• States/UTs have been requested to constitute a Special Task Force for elimination of single use plastics and effective implementation of the rules. A National Level Taskforcehas also been constituted for coordination efforts.
What is the role of the manufacturer?
  • In addition, the Ministry of Environment, Forests, and Climate Change notified the Plastic Waste Management Amendment Rules, 2022 on February 16, 2022.
  • Extended Producer Responsibility (EPR) is the responsibility of a producer for the environmentally sound management of the product until the end of its life.
  • The guidelines provide a framework to strengthen the circular economy of plastic packaging waste, promote the development of new alternatives to plastic packaging and provide the next steps for moving towards sustainable plastic packaging by businesses.
What are the challenges?
  • The ban will succeed only if all stakeholders participate enthusiastically and engage in effective engagement and concerted actions.
  • However, if we look back at our past, almost 25 Indian States previously banned plastic at the state level. However, these bans had a very limited impact in reality because of the widespread use of these items.
  • Now the challenge is to see how the local level authorities will enforce the ban in accordance with the guidelines. Banned items such as earbuds with plastic sticks, plastic sticks for balloons, etc., are non-branded items and it is difficult to find out who the manufacturer is and who is accountable for selling because these items will be available in the market even after the issuing of guidelines.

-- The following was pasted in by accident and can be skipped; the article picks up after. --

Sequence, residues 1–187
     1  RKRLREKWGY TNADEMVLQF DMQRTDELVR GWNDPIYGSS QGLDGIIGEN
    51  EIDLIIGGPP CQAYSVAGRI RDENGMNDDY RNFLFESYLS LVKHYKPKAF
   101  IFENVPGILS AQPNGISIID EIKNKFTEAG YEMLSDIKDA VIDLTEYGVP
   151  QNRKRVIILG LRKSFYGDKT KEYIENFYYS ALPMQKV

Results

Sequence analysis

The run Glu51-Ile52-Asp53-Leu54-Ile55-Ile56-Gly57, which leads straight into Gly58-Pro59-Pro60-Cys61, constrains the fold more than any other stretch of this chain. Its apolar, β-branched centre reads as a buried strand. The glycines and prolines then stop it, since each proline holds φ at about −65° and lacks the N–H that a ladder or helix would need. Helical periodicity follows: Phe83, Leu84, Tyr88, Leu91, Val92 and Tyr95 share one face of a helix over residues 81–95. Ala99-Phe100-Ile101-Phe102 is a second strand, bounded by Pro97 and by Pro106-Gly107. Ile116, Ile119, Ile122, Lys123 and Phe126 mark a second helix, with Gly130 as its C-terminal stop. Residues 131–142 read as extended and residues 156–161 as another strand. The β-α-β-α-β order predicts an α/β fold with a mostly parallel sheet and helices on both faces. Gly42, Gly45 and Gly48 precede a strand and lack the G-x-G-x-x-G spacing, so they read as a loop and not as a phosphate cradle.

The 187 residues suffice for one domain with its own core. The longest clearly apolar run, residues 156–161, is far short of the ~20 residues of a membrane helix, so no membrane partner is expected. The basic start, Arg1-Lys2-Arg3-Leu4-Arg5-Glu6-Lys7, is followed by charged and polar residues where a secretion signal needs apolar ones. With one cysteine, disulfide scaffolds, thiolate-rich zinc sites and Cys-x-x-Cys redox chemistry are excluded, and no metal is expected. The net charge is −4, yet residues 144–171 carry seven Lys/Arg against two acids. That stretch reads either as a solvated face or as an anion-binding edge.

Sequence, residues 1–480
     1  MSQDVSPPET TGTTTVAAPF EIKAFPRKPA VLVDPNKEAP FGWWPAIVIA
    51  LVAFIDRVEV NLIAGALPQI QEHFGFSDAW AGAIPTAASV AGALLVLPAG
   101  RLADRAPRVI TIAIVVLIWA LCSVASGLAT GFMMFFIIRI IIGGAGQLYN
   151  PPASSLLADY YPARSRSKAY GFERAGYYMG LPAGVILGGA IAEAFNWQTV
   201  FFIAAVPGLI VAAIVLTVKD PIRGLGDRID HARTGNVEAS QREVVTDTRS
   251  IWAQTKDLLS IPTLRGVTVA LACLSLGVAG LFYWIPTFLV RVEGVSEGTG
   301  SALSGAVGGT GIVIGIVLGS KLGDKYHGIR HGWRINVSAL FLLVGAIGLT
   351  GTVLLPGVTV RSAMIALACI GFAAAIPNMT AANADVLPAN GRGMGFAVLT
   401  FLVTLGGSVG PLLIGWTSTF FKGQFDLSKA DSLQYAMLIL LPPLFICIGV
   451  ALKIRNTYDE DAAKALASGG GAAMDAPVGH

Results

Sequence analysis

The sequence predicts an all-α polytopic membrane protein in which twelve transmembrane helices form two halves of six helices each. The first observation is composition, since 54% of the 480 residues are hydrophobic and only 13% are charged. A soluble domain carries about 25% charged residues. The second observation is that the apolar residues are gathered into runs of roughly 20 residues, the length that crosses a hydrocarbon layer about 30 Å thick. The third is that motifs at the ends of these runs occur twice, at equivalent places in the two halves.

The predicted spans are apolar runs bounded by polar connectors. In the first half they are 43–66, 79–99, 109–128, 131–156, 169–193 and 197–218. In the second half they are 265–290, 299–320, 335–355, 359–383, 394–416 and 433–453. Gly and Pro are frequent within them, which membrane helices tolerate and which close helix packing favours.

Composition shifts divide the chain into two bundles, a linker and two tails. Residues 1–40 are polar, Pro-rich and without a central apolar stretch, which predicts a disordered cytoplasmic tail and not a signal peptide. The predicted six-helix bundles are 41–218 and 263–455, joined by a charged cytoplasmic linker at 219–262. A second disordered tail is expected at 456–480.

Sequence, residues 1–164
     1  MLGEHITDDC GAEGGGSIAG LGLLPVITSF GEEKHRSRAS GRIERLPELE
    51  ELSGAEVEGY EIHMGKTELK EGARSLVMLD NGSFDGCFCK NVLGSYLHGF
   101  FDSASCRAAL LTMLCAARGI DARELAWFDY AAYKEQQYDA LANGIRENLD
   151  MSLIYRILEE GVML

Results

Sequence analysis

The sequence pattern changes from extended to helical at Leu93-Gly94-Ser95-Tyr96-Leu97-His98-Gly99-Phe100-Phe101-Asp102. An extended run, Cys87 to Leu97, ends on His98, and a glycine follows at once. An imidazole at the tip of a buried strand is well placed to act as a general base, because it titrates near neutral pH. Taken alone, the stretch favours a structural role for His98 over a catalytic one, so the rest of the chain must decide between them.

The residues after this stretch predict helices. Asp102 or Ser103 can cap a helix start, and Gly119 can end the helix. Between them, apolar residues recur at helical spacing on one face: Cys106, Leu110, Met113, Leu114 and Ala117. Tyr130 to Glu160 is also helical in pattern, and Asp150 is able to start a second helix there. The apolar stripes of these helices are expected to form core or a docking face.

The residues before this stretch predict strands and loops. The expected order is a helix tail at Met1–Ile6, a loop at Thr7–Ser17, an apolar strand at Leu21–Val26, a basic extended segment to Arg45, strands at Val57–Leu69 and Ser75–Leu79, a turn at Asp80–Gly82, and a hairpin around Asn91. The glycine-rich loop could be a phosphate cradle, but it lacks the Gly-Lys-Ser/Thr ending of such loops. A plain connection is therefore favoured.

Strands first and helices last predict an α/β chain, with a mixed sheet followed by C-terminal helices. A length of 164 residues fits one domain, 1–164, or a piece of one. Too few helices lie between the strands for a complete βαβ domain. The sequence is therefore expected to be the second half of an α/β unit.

What’s happening on the research and development front?
  • The consumer needs to be informed about the ban through advertisements, newspaper or TV commercials, or on social media. In order to find sustainable alternatives, companies need to invest in research and development.
  • The solution to the plastic pollution problem is not the responsibility of the government alone, but of industries, brands, manufacturers and most importantly consumers.
  • Finding alternatives to plastic seems a little difficult, however, greener alternatives to plastic may be considered a sustainable option. For example, compostable and bio-degradable plastic, etc., may be considered as an option.
  • While the total ban on the use of plastic sounds a great idea, its feasibility seems difficult at this hour, especially in the absence of workable alternatives.
What is the Way Forward?
  • As individuals: We can reduce our plastic pollution and be more environmentally conscious by avoiding single-use plastics (e.g. straws, cups, cutlery, etc.) and packaging materials (e.g. polybags). Instead we can use jute bags, glass bottles or jars, steel or ceramic cutleries and utensils, and paper-made tetra packs.
  • The private sector needs to invest more in producing alternatives and biodegradable plastics and in phasing out the production of plastic. More research and technology investment and development is required to make alternatives to plastic that are economically viable and affordable.
  • The government should play a leading role by
  • Enacting strong policies and regulations that will encourage a more sustainable model for the design and production of plastics – Local bodies mandated under rules to ensure segregation, collection and transfer of waste to registered recyclers have spectacularly failed to fulfil their responsibilities. The State Level Monitoring Committees provided for under the rules have not been made accountable. The waste management framework is dysfunctional
  • Technical and financial incentives from the government are instrumental for the transformation of the existing production system to a more sustainable one.
  • Urban local bodies: Urban local bodies across states should adopt the material recovery facility (MRF) model & implement it as a public-private partnership model for sustainable management of urban plastic waste. Urban local bodies are mandated under the Municipal Solid Waste Management Rules, 2016, and the Plastic Waste Management Rules, 2016, to manage municipal solid waste and plastic waste at the city level.

  • Essay: There is no Plan B because we do not have a Planet B.

Note: Write answers to this question in the comment section.